Saturday, September 25, 2010
Corrupt rulers, cynical people
The filthy underbelly of Delhi, best described in Kipling’s words as a ‘packed and pestilential town’, has been exposed by the CWG mess.
(Toilets at CWG Village. Organisers said hygiene is not an issue! - BBC)
August 24, 1690. This day at Sankraal, I ordered Captain Brooke to come up with a vessel to Chuttanuty, where we arrived about noon, but found the place in a deplorable condition, nothing being left for our present accommodation, the rains falling day and night.” The “deplorable condition” of ‘Chuttanuty’ (Sutanuti), laid to waste by the Nawab of Bengal three-and-a-half years ago, would have dampened the spirit of any other official, but Job Charnock, no stranger to Bengal, had set his mind on building the headquarters of East India Company at this place and remained undeterred. His persistence paid off when Calcutta was born of the union of three villages — Sutanuti, Gobindapur and Kalikata. Much later, it was to become the Empire’s Second City, the centre of British affairs in India.
Yet, for all its economic, political and social importance, Calcutta was not free of blots and blemishes. Two centuries after Charnock landed in Sutanuti, the celebrated chronicler of British India and for a while Assistant Editor of this newspaper, Rudyard Kipling, visited Calcutta and was not impressed either by its magnificent buildings that symbolised the power of the Raj or the splendorous lifestyle of the ‘White nabobs’ who controlled trade and commerce. Rather than lavish praise on the city and its residents, Kipling caustically wrote:
Thus the midday halt of Charnock — more’s the pity! —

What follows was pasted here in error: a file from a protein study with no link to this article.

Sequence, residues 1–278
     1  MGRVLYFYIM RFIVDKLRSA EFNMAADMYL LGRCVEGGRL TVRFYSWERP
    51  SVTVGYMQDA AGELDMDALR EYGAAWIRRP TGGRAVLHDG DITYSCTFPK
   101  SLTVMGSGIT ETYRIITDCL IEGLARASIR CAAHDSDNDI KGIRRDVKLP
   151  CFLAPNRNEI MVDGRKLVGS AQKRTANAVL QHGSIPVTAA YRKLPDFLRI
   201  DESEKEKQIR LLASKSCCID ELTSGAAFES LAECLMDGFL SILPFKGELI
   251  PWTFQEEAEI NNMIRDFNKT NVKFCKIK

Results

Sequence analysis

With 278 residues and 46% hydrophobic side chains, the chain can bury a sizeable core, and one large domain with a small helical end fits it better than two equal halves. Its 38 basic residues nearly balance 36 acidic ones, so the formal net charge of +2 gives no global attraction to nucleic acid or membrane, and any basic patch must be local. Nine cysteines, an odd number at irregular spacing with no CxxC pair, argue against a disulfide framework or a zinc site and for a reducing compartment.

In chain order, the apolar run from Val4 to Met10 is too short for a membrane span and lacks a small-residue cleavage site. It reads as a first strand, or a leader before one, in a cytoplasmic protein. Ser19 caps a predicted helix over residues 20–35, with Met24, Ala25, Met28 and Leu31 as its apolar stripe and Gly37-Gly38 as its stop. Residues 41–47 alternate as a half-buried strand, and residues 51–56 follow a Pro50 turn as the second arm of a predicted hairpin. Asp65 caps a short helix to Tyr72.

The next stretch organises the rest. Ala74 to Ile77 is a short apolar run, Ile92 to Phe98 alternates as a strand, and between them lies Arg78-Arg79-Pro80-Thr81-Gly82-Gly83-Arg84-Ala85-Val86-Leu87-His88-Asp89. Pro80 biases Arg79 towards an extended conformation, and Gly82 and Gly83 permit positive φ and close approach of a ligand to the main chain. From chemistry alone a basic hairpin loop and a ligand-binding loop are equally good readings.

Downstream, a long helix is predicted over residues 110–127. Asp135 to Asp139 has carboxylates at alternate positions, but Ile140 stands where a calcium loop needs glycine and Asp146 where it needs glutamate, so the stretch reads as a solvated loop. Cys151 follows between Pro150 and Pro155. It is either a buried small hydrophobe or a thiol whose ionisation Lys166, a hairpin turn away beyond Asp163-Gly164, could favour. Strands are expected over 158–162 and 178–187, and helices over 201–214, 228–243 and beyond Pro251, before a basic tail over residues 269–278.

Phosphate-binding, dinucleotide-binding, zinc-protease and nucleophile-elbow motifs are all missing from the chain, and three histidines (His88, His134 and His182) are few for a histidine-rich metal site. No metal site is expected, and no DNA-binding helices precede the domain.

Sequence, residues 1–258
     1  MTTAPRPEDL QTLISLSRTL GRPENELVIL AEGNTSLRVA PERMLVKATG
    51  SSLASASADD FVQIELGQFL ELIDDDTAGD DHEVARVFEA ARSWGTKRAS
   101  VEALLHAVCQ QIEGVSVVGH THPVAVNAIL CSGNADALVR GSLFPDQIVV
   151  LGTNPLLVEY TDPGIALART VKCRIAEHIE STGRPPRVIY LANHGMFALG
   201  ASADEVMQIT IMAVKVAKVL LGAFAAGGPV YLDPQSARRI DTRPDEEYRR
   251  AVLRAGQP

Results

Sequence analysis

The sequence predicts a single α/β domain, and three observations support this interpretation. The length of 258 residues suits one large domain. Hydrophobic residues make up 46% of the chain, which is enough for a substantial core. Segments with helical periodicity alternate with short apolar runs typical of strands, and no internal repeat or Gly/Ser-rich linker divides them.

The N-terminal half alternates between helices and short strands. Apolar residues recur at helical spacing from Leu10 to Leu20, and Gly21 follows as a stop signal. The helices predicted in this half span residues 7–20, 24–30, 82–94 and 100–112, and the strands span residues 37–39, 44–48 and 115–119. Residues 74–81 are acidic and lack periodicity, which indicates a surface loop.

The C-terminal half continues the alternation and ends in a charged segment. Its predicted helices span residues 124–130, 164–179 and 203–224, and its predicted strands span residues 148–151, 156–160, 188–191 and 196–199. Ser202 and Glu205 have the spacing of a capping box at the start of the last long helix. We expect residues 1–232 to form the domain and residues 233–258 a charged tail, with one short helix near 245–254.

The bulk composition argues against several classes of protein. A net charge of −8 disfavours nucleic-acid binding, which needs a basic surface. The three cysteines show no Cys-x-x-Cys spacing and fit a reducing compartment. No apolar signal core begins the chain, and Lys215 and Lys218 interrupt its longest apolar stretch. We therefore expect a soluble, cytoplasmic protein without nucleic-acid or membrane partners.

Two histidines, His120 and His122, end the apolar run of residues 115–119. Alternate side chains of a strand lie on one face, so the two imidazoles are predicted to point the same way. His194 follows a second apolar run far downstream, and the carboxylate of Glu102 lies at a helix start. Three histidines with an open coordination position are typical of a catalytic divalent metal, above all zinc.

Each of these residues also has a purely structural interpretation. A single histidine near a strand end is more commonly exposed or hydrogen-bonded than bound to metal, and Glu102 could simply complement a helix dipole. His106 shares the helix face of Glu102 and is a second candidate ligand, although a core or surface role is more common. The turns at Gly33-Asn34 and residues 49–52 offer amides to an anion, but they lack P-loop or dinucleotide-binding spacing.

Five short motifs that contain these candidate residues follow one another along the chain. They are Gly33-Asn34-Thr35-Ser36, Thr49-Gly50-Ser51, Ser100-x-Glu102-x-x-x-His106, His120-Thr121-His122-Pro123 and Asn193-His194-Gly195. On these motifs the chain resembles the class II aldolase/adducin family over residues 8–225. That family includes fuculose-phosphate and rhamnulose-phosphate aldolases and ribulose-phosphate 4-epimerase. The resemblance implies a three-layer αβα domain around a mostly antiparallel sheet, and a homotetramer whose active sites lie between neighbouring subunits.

Grew a City
As the fungus sprouts chaotic from its bed
So it Spread
Chance-directed, chance-erected, laid and built on the silt
Palace, byre, hovel — poverty and pride —
Side by side;
And, above the packed and pestilential town,
Death looked down.
Kipling was accused of being cynical and allowing his antipathy towards Hindoos who, though restricted to native quarters, shared the city with their colonial masters, get the better of his judgement. In retrospect, Kipling was just being prescient in his own inimitable style. Even before the Union Jack fluttering atop Governor House was replaced by the Tricolour at Raj Bhavan and the last British official, trader and fortune-seeker-turned-boiler operator at Victoria Jute Mill left Calcutta, the city had begun to crumble. Garbage and poverty, hunger and disease, death and decay enmeshed to become the leitmotif of Calcutta, compared to which Delhi, Bombay and Madras were small towns.
As Calcutta’s collapse gathered speed, Delhi — or rather New Delhi — emerged as free India’s First City, pampered at the expense of every other urban centre. Over the decades, Delhi has grown, “As the fungus sprouts chaotic from its bed; So it (has) Spread; Chance-directed, chance-erected”, but it has never had either the glitz and glamour of Bombay or the sedate respectability of Calcutta. It’s a city of ghettos, both real and of the mind, where the elite live in what are referred to as ‘posh colonies’ while politicians and bureaucrats occupy sprawling bungalows in Lutyens’s Delhi. Then there is another Delhi where people live in festering urban slums and ‘unauthorised’ colonies of various kinds. The chrome-and-glass malls, bridges and underpasses are an alluring distraction from the city’s filthy underbelly. If Calcutta was India’s ‘pestilential city’ in the 19th century, Delhi best fits Kipling’s description in India of the 21st century. For evidence, look at the alarming outbreak of dengue and swine flu. Neither class nor cash serves as a protective barrier in this “packed and pestilential town, (where) Death looks down.”